During his speech, the Venezuelan head of state insisted that “the agreements not remain on paper” as in previous years. He condemned the arrest warrant on the president of Sudan, Omar al-Bashir, issued by the International Criminal Court “by order of the United States” and stressed the need to create a currency to confront the damage done by the dollar.
The president of the Bolivarian Republic of Venezuela, Hugo Chávez, called on the Second Summit of South American and Arab Countries (ASPA), held in Doha, Qatar, to confront the global recession through joint ventures between South American and Arab countries involving agreements on finance, energy, and food.
Likewise, Chávez called for a symmetrical union between South American and Arab countries in order to combat a crisis caused “by the powerful countries” and noted the need to strengthen the proposals made by the president of Chile, Michelle Bachelet, who called for the establishment of banks that provide government funds in times of crisis and pointed out the necessity for clean technology to create jobs; and her Brazilian counterpart, Luiz Inácio Lula da Silva, who appreciated the need for a just economy, albeit one that “doesn’t contain trade protectionism.”
At the same time, the Venezuelan head of state indicated that he began talks with the president of Syria, Bashar al-Assad, to strengthen bilateral relations with the Arab world, “which must be based on a strategic plan, not another summit, but the initiative to get things going.”
During his speech, Chávez also highlighted the resources of the South American countries. “We, the countries of the Amazon — the world’s lung — here also constitute the largest reserves in the world,” the majority of gas, oil, and water reserves being located in South America. Therefore, he concluded that the potential exists to implement a strategic plan that “is productive and involves food and energy.”
The Venezuelan president said that the measure taken against Omar al-Bashir, President of Sudan, “is a legal monstrosity of capitalism” and denounced the atrocities committed by the United States, which did not recognize the elections of the Palestinian National Authority, with the excuse that they do not regard this territory as autonomous.
Chávez deplored the allegations made by US President Barack Obama and US Secretary of State Hillary Clinton, who charged that “Venezuela is against the freedom of expression and supports terrorism.” Such allegations, according to Chávez, are cynical, because “Washington never condemned the attacks against Gaza, which killed 1,400 Palestinians.”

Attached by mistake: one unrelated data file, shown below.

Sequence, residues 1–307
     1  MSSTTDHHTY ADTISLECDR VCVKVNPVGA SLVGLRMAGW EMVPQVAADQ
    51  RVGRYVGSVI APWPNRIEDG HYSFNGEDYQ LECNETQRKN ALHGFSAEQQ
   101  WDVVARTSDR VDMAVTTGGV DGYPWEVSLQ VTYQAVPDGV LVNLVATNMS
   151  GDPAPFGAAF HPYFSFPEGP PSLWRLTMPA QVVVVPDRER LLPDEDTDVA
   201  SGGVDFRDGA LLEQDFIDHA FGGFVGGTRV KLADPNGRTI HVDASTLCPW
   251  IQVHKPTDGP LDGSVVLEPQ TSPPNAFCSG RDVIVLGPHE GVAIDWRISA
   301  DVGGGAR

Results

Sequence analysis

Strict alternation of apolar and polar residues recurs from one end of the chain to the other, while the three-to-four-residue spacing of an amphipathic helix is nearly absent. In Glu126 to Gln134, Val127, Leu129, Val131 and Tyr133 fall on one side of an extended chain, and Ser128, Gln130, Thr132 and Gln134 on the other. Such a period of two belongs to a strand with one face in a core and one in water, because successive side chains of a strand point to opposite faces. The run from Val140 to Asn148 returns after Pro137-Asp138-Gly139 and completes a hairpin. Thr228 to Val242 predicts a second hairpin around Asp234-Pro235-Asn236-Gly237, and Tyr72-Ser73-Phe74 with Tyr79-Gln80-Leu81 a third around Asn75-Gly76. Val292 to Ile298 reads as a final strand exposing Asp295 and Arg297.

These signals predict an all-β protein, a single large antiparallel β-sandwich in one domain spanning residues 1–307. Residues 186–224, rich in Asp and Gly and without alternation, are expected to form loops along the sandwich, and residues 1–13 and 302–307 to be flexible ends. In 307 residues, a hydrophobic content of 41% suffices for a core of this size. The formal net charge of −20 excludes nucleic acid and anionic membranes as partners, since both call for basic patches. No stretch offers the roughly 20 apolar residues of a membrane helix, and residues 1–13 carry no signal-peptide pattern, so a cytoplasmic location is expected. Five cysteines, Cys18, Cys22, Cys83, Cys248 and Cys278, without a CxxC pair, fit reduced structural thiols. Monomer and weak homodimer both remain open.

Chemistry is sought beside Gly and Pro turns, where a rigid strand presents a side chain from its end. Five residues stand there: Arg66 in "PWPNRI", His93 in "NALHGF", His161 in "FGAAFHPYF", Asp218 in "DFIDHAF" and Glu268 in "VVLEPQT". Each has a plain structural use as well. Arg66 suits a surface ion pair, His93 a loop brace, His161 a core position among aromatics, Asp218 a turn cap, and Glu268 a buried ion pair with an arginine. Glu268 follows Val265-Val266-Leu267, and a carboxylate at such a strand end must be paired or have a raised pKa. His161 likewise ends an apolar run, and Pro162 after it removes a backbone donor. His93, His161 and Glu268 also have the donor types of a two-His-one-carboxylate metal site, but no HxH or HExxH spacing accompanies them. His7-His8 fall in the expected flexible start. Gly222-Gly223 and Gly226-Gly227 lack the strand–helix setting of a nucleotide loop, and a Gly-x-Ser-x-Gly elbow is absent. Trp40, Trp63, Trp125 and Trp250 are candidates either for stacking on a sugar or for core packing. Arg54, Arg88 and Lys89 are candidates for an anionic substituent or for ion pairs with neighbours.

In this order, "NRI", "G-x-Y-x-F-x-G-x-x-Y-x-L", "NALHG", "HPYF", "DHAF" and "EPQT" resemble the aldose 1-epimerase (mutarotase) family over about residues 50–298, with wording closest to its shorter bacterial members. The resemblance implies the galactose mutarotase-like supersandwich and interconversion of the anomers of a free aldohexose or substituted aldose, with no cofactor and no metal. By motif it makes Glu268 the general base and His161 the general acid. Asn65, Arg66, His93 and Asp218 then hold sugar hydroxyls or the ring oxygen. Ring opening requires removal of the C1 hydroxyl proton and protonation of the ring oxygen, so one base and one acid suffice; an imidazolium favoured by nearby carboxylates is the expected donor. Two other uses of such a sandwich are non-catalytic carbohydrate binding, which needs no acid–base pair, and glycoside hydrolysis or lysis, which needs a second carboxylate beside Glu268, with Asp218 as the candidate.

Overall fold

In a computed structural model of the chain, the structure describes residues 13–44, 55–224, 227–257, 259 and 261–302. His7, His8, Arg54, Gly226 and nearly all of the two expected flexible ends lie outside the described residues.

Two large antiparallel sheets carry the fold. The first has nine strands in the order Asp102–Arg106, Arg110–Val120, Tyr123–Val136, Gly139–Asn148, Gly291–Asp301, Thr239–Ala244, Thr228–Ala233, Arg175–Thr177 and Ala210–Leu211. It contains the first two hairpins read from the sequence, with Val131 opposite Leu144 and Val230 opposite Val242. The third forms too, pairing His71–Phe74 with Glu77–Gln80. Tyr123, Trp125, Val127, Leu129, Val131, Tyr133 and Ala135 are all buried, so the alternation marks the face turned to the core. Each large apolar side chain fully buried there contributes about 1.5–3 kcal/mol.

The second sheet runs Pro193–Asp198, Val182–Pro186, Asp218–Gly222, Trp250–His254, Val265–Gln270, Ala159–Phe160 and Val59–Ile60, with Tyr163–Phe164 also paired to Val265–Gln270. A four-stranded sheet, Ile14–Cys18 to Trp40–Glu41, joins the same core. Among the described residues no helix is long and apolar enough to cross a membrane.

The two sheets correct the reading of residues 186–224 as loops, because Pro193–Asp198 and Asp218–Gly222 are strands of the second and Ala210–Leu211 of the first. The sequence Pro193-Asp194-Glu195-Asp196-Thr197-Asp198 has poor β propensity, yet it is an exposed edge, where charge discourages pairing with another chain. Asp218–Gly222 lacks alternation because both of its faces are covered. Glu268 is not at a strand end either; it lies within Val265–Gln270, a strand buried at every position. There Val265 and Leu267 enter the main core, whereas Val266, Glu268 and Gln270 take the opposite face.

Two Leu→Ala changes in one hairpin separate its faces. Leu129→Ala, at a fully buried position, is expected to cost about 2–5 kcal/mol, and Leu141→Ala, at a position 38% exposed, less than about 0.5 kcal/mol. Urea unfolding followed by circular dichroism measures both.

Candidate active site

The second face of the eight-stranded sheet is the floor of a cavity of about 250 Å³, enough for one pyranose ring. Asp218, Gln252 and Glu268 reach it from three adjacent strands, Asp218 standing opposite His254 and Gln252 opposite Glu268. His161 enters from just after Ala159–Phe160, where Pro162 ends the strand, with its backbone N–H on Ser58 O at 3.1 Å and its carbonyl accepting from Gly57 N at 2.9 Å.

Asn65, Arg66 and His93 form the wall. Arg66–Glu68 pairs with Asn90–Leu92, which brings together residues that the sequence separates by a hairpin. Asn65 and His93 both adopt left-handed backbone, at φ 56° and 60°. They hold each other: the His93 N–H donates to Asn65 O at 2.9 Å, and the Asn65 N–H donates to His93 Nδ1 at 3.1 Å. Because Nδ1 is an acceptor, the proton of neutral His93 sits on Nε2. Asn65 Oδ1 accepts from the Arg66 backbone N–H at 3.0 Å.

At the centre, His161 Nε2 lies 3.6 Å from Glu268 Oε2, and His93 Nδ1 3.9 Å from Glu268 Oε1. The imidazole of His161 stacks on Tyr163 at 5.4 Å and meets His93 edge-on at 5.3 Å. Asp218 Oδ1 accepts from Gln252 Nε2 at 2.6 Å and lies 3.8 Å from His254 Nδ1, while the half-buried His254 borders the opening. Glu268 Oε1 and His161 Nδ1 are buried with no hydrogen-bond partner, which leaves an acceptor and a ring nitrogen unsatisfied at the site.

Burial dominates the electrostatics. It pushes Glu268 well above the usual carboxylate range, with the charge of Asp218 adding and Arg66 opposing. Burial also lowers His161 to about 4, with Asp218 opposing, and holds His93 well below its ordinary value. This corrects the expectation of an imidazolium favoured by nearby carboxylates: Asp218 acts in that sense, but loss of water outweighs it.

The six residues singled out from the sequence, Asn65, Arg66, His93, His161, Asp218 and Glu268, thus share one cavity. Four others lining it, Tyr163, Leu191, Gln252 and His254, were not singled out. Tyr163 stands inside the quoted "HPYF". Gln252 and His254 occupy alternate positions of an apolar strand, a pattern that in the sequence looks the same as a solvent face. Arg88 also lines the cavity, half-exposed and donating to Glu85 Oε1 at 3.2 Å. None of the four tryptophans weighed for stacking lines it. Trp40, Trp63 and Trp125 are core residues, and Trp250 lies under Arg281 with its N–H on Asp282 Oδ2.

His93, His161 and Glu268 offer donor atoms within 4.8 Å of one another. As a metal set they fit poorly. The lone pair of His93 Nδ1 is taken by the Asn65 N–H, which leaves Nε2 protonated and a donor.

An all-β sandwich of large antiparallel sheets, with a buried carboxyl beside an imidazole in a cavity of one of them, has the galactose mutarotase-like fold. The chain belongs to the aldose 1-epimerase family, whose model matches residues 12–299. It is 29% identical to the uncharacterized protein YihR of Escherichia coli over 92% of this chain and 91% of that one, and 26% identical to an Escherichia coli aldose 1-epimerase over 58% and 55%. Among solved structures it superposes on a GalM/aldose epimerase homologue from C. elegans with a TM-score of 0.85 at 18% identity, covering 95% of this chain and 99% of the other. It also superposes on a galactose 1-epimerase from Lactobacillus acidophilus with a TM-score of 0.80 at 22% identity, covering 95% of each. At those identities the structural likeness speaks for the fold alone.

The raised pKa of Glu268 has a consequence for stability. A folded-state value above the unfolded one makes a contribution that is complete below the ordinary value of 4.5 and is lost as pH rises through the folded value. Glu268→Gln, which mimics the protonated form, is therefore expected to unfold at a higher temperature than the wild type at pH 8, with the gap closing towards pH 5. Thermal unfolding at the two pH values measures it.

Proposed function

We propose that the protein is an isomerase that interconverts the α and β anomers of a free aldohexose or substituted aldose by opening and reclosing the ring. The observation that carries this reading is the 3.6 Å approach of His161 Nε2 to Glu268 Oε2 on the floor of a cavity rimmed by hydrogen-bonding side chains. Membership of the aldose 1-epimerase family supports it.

He raised a question: “Why doesn’t the International Criminal Court go after Bush, a true genocidal criminal, or the government of Israel? Instead, it harasses defenseless presidents like the president of Sudan.”
Chávez said that, just a decade ago, no Latin American country traveled so far in order to establish agreements for the benefit of its citizens, a sign of progress.
In his view, “the international financial crisis is a mutant virus, since it doesn’t stand still” and “the G-20 summit is the summit of the HIRCs, highly indebted rich countries.” He nevertheless appreciated the presence of Argentina, Mexico, and Brazil as the representatives of Latin America at the London summit on the second of April.
Chávez said that “we shoudn’t count on anything except ourselves.” Therefore, “it is necessary to change the international financial architecture.” He regretted that, for a long time, several Latin American governments refused to change the capitalist system, despite several economic studies that predicted the global debacle.
He called for “the creation of an agenda, to allow so many ideas, so many possibilities, so many opportunities to be put into practice” and said that “it is necessary to take up the agenda of the South again, the agenda that we sent to these places.”
The president of Venezuela recognized the need for a genuine political will to implement fair trade strategies, “such as those that need to be introduced today,” mentioning “those implemented during the eighties, which were swallowed up by neoliberalism” for lack of real unity.
Chávez urged UNASUR president Michelle Bachelet and Luiz Inácio Lula da Silva, the president of Brazil and coordinator of the affairs of the South, to work on building an Arab-South American trade agenda in order to come up with several points of interest to be put into practice “as soon as possible.”
He asked the nine member countries of the OPEC present at the ASPA Summit to set down strategies to consider a financial plan to bring the Arab and South American countries closer to each other. In his opinion, the participation of the Organization of the Petroleum Exporting Countries is crucial, as evidenced by its proven ability to “cushion the impact of the economic crisis, through the stabilization of oil prices.”
At the summit, Chávez proposed an OPEC Bank again. The possibility of another currency was important from his point of view because we had “enough of the dictatorship of the dollar.” “The United States has bought up half the world, with a worthless piece of paper, which analysts said would go up in smoke and which indeed went up in smoke.”
Lastly, Chávez called for the implementation of cultural cooperation agreements, in order to report fairly on what is happening in Asia and South America. He gave the example of TeleSur, which works with Al Jazeera.
The original article “Chávez propone la creación de un Banco de la Opep para amortiguar recesión global” was published by YVKE Mundial on 31 March 2009. Translation by Yoshie Furuhashi (@yoshiefuruhashi | yoshie.furuhashi [at] gmail.com).